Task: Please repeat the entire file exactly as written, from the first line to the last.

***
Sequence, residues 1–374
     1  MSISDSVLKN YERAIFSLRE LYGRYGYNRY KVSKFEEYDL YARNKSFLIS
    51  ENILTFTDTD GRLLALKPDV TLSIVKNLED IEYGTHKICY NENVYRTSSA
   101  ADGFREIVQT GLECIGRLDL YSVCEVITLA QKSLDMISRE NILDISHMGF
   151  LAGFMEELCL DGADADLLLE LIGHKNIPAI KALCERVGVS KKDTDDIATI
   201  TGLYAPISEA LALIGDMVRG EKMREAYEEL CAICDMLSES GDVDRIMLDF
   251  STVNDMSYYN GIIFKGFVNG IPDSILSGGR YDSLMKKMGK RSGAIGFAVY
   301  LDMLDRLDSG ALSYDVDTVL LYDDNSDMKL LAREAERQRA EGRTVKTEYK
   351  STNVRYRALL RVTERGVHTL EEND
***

Sequence, residues 1–374
     1  MSISDSVLKN YERAIFSLRE LYGRYGYNRY KVSKFEEYDL YARNKSFLIS
    51  ENILTFTDTD GRLLALKPDV TLSIVKNLED IEYGTHKICY NENVYRTSSA
   101  ADGFREIVQT GLECIGRLDL YSVCEVITLA QKSLDMISRE NILDISHMGF
   151  LAGFMEELCL DGADADLLLE LIGHKNIPAI KALCERVGVS KKDTDDIATI
   201  TGLYAPISEA LALIGDMVRG EKMREAYEEL CAICDMLSES GDVDRIMLDF
   251  STVNDMSYYN GIIFKGFVNG IPDSILSGGR YDSLMKKMGK RSGAIGFAVY
   301  LDMLDRLDSG ALSYDVDTVL LYDDNSDMKL LAREAERQRA EGRTVKTEYK
   351  STNVRYRALL RVTERGVHTL EEND